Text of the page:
Last year, when we began working on our own games, we approached a lot publishers (and got approached by a few others). While all of them are different and look for different types of game, most of them have the same requirements in terms of the deals they offer or what they’ll give in return.
After talking with several of them, getting our games rejected by some of them and rejecting some publishers ourselves too, I was able to gather a few things that I think are mandatory when trying to get your game published:
Have a working prototype ready
The first thing any publisher will ask you is “Can you send us a prototype?”. Be ready for that, prepare an interesting version of your game that shows its amazing features. It doesn’t have to be a finished game, but at least invest in preparing the art for your the prototype. This is a good way of showing not only how good you work, but also that you are really committed to your idea.
And I am not just talking about nice graphics or high quality code. Be professional. Send well written emails to them. Do your homework and investigate about the publisher you are contacting, know them well. Everything you can do to show them you are a professional person the better.
Keep it simple
Not all publishers look for the same games. Nevertheless, in my experience, they want to get approached with simple, yet fun games. The simpler your game, the most likely you will be able to get them interested in your idea. With simple, I mean a game that doesn’t involve tens of elements, a game that is easy to understand even for people that never played a game, a game that is intuitive.
Appeal to a broad market
Similar to the point above. If your game has a friendly tone, with cute characters and simple mechanics, it is more likely to get published than a JRPG set in a bloody war with mature content. I am not saying it is impossible, but it is more likely that they won’t like to take a big risk.
Be ready to make changes
Most times you will have to make changes to your game in order to get it published. They may ask for simple changes or changes that take you weeks to do. These may range from just adding a screen with the publisher’s logo to making the game freemium and adding a store with tens of powerups. Be prepared to discuss these changes with them and know that most publishers won’t give you any money for that. The sooner you approach a publisher the better, as having to make all these changes when you were one week from releasing the game is a bad idea.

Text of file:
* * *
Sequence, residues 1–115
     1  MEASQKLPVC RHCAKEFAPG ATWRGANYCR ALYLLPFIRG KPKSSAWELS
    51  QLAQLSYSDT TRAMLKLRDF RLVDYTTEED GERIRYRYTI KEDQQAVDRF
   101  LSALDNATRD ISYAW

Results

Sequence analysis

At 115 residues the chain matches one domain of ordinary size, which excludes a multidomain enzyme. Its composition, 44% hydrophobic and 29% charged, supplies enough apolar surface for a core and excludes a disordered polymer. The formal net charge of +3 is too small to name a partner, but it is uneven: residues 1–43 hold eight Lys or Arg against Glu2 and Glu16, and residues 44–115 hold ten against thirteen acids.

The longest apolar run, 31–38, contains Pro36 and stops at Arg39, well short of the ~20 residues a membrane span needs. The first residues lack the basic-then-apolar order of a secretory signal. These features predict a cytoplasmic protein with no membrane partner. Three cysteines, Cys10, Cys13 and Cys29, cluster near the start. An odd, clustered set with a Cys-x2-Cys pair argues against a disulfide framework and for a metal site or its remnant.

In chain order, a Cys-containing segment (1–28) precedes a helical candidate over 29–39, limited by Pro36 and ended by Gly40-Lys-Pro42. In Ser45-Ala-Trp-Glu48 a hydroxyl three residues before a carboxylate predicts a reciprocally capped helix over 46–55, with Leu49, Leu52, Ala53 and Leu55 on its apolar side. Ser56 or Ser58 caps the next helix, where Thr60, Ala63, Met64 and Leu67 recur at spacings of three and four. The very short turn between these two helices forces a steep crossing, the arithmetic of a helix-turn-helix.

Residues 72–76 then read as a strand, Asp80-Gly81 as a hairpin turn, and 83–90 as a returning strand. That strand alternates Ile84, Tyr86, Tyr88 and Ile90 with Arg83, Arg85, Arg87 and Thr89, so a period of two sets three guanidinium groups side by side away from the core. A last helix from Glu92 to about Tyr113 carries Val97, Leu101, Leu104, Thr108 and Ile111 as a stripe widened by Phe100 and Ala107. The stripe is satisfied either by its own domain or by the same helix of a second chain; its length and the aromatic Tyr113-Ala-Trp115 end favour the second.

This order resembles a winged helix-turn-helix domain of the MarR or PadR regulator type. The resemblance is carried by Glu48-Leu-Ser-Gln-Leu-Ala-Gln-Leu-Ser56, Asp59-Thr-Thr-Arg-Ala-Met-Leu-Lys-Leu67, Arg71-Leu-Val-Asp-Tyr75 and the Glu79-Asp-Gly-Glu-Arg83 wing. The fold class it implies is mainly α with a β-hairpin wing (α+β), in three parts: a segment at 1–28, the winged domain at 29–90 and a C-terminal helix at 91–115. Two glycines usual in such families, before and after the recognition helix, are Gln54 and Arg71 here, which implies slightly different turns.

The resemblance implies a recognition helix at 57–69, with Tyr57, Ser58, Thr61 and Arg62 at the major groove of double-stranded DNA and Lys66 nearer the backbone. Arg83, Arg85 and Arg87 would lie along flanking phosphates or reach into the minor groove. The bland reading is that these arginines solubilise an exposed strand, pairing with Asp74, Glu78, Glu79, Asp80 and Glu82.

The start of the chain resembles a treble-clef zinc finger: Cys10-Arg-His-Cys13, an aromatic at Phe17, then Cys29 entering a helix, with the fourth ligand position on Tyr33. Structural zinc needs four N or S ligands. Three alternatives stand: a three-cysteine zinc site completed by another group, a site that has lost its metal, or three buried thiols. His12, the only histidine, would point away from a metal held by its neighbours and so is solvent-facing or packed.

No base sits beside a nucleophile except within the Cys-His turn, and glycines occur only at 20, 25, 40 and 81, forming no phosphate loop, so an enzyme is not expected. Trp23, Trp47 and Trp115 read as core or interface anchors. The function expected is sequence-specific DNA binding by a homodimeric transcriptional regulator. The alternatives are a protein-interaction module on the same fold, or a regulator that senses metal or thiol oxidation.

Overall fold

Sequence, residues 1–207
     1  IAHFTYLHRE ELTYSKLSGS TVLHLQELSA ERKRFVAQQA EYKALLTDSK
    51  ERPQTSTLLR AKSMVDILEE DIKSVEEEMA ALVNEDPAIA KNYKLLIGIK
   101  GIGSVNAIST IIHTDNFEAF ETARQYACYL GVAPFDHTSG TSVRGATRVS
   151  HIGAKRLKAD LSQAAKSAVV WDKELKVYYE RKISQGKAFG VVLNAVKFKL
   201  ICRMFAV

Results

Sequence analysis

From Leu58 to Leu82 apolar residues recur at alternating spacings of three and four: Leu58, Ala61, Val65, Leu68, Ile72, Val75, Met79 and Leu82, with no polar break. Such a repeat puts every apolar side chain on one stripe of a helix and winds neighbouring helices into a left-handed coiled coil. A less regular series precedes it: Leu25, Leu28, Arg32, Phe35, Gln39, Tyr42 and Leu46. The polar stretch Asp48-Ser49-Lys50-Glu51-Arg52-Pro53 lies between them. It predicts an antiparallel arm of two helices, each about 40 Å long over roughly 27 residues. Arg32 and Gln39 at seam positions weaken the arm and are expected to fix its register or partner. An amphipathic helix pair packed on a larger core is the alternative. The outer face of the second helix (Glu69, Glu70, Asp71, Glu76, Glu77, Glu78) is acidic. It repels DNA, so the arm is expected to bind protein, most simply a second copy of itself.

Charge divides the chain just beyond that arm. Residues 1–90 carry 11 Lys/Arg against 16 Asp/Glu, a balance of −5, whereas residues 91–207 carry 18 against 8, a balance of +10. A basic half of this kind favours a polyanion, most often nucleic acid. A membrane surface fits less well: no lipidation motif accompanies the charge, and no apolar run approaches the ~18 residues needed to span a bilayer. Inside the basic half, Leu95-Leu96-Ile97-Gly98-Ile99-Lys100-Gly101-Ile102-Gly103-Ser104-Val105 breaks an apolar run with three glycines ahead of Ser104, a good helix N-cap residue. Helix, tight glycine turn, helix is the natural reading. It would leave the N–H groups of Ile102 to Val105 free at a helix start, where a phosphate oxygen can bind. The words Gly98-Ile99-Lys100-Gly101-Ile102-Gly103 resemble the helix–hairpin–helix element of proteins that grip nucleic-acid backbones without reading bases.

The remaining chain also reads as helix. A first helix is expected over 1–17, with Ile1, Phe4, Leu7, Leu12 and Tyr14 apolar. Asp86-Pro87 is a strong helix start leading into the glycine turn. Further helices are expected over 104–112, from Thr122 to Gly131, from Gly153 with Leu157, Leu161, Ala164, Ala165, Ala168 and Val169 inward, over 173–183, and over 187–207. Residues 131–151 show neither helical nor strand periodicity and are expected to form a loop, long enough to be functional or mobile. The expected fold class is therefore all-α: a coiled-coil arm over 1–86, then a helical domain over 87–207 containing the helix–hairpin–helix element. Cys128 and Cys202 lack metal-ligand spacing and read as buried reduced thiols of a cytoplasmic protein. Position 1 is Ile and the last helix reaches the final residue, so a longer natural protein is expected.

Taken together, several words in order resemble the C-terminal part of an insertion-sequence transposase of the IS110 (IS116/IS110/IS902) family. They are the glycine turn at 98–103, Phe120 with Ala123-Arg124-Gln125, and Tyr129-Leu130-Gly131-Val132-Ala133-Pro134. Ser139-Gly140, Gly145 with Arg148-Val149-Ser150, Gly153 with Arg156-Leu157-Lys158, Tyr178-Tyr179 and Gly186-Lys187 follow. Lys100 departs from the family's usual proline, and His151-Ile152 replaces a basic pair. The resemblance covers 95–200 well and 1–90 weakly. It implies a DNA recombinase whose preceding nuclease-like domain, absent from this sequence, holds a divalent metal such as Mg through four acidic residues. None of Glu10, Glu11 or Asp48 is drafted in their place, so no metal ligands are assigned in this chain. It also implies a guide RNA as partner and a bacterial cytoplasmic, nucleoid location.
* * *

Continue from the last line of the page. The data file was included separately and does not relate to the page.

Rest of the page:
Create an interesting IP (and don’t let them own it)
It is not easy, but if you manage to create something that is successful, owning the IP of that is very important. There are a lot of know stories about this, where studios get a publisher for their game, it sells millions of copies and then, since they own the IP, release a sequel without the publisher. Owning the IP means you can do what you want with your game, the brand and its characters and this is very important if your game sells big.
Be careful with what you sign
Before signing anything, have a lawyer review the terms of the contract. These tend to be really big and some points are confusing. Just make sure you are not selling your soul. Here are some important things you should look for in the contract:
- Percentage of revenue: How much will you get of each sold copy? Each publisher will ask for different percentages but in my experience they could be between 30% to 50%.
- Payment terms: Remember they will be the first to get the money, then they’ll pay to you. Be sure it is clear when will that happen. You might not be able to survive 60 to 90 days to get paid.
- IP: Be sure you will be the owner of the IP, this is important as explained before.
- Ports/Other versions: I’ve seen several contracts where the publisher says they can get other developers to do the version of the game for other platform is you can’t or won’t do it. They will even ask you for the source code. How does that make you feel? I don’t really like that myself.
- What work they’ll do: Make sure it is specified what kind of work the publisher will do and what will they make you do. Will they handle the game’s website development? Will they hire ads in the most popular blogs/sites? Will they help with localization? Everything they don’t say they will do, you will have to. At your own expense.
These are just a few examples that you should have in mind when signing the contract. Just make sure you are aware of all these things and if you have doubts, ask your lawyer and the publisher.
If you are not sure, let it go
As simple as it sounds. If you are not sure about the terms of the contract, if something doesn’t convince you, if they are asking you to make a million changes to the concept and you can’t afford it, whatever your reasons are, if you are not sure about it, let it go. You can find other publishers or maybe you are better off without them.
Our experience with publishers
Last year, when we were about to release our first game, we approached several publishers and got approached by others as well.
Some publishers proposed us great deals, others really bad ones and other publishers just ignored us. In the end, we decided to publish the game ourselves to see how the process was and learn along the way.
The results were not what we expected at all but I don’t feel bad about it. Could we have done better with a publisher? I don’t really know. There were things that we could have done better, but that I’ll leave that for another post.
Full-time mobile software developer and entrepreneur.
I help companies increase their profit by generating ideas, advising them and developing mobile apps and games for them through my company, InfinixSoft.
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Author of Cocos2d for iPhone: Beginner’s guide.